Q. Do you think that music is strong enough to make people aware of the major themes of life, such as poverty, wars still in progress, lack of landmarks and significant ideals, diseases…?

A. “Beyond music, doing something good for others is a natural desire, inherent in the hearts of all men, because being a philanthropist does not only mean being generous and it is not just a moral duty: it is rather an act of intelligence, a process that everyone, within the limits of his own means, should perceive as crucial. Solidarity is the joy of sharing. With regard to art, and music in particular that is the voice of the soul, it can educate to beauty and fraternity. It can open the heart and the mind, and thus help to make people more responsive.”

Voices of Haiti, a choir for Andrea Bocelli Foundation

 

Q. Your whole family actively supports the Foundation. Do you think that love and union among peoples will be enough to save the world?

 

A. “I believe very much in the family as the main” brick “of society, a source of affection and a privileged place to seek harmony. It is the right dimension where, all together and at all times, one learns to choose the best option, trying to put into practice the Christian values that our parents taught us and that we must transmit to our children”.

Q. On September 8, you will perform in a concert in the wonderful Arena of Verona, in favour of the Foundation. Why did you choose this place, instead of the symbol of the “Andrea Bocelli Foundation”, the Tuscan “Teatro del Silenzio” that is so dear to you?

A. “The Arena is one of the many Italian artistic masterpieces, a magical place, a monument two thousand years old that for more than a hundred years has contributed to the history of the music. Imagine that during its first opera season, in 1913, Giacomo Puccini and Pietro Mascagni were sitting on those same old stones, among the audience. I appreciated its perfect acoustics on several occasions, as for example a few years ago with my friend and colleague, the famous tenor Placido Domingo. I think that the Arena is the ideal place for great lyrical performances and immense emotional impact. As for the Teatro del Silenzio, it has reached its thirteenth edition. Together with extraordinary colleagues, this year we staged the “Andrea Chénier” by Umberto Giordano, one of the most exciting and moving titles in the history of opera. Imagine that we had to double the evenings, on July 28th and July 30th, as the first was sold out in a few days!”

Q. What outcome do you expect from your concert in Verona?

A. “Given the charitable objectives of the concert in Verona, I hope that the Arena will be packed. I hope that the evening will be a moment of joy and celebration for all participants, but also an important opportunity to raise funds for the philanthropic projects to be financed with. We have designed the show as a kind of journey to be made with a cast of international stars. Immortal pieces will form a kind of sound-track through a strong theatrical, astonishing and rich performance that will galvanize the public. A trip made of great music, effects of light, famous singers but also celebrities – the favourites of the international public – who will be actively involved in musical scenography, through unpublished and surprising cameos.”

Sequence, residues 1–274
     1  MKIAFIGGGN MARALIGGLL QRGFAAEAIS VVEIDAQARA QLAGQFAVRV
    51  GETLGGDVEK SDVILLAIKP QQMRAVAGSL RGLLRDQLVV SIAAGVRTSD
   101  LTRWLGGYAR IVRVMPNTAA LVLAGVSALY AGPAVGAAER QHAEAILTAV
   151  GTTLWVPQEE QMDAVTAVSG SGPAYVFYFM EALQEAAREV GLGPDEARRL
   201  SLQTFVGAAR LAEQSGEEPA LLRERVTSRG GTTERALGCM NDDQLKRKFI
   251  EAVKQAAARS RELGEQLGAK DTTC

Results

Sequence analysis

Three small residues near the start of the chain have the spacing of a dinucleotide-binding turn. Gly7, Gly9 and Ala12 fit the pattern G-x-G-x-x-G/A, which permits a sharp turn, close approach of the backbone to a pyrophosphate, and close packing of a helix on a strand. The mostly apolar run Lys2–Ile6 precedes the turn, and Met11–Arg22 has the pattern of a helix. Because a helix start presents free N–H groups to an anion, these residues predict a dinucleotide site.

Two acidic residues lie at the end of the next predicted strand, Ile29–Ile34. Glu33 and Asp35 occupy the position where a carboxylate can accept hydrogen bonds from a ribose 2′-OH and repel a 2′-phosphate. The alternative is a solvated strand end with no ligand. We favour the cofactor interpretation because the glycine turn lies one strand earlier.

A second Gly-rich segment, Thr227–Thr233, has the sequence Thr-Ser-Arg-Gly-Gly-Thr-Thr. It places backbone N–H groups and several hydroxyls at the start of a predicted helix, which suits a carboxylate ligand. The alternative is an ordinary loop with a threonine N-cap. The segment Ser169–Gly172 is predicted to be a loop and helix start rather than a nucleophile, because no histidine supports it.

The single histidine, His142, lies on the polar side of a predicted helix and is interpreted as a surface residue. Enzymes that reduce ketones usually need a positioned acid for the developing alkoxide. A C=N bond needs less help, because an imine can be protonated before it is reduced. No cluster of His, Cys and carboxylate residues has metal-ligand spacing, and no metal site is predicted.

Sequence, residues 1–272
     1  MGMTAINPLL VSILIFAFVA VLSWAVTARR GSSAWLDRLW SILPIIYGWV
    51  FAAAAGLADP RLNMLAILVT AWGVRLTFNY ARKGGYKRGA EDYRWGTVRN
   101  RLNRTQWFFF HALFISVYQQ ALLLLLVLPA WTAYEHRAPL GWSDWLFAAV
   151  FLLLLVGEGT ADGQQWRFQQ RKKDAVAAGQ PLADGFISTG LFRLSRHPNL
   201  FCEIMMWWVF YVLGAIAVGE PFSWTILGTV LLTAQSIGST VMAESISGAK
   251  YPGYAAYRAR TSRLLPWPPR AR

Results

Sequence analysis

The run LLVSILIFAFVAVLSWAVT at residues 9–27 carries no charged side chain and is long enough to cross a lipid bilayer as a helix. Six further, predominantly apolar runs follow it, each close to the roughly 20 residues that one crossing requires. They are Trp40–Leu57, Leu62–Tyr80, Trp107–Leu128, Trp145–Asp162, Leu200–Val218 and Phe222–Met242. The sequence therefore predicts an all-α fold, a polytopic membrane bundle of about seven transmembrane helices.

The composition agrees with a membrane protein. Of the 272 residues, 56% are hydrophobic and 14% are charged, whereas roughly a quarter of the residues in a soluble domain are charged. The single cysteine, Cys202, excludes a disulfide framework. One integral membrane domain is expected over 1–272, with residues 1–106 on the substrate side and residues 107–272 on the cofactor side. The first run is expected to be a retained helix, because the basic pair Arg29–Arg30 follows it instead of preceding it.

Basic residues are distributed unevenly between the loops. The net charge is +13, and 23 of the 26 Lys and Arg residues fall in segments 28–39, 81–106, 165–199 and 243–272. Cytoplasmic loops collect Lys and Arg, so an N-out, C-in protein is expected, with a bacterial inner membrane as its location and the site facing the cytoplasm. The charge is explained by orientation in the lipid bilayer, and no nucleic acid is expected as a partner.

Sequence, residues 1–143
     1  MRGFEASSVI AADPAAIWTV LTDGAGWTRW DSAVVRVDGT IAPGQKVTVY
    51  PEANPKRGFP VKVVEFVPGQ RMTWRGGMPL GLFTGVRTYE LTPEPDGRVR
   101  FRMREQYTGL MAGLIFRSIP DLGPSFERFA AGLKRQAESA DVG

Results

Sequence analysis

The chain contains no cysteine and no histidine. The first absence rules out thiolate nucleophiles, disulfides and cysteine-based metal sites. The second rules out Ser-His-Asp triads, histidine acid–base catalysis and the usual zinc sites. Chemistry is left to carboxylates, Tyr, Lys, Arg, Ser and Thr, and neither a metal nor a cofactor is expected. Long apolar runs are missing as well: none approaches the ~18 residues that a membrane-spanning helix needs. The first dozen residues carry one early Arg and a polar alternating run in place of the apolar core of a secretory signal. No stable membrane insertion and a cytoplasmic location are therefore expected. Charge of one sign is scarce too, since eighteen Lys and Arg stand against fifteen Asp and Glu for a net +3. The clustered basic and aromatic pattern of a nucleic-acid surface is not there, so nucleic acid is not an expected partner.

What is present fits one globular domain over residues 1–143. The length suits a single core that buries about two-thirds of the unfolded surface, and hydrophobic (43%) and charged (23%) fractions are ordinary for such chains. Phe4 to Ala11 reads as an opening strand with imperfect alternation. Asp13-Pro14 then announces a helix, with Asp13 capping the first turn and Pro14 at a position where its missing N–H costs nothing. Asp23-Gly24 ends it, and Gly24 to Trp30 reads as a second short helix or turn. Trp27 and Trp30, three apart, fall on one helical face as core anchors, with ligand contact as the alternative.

Q. Maestro, you have cooperated with national and international artists, you have organized countless concerts and you are often on tour around the world. You could live in the most beautiful and big cities in the world, but you prefer the beautiful Tuscany countryside, and reside in the lovely coast of Viareggio: what is the reason of your choice?

A. “I answer you by quoting a motto that I heard from one of my friends: “we are lucky to be Europeans, very lucky to be Italians, and visibly lucky to live in Tuscany!” I love my place of birth and my roots. On the one hand, Tuscany is the cradle of artistic and landscape excellence, on the other it is a refuge of the spirit, where to find peace and harmony, because it is a land expressing a luxuriant nature. I can say to be, for better or for worse, a product of the country…”

Q. One last question before thanking you for this exhaustive interview and before leaving you at your many duties. I am pleased to inform you that our director Ilio Masprone will renovate the Naples Festival in mid-September at the Municipal Casino Theatre of Sanremo, where it was born in 1932. The event titled SanremocantaNapoli wants to give a new impulse to Neapolitan sounds and musical texts. What do you think of this initiative?

A. “Actually I think that this is  a very good idea! The Neapolitan song expresses a remarkably precious artistic heritage, either nationally or internationally, and I am convinced that any activity aimed at safeguarding and reviving the Neapolitan musical culture is very well-founded.”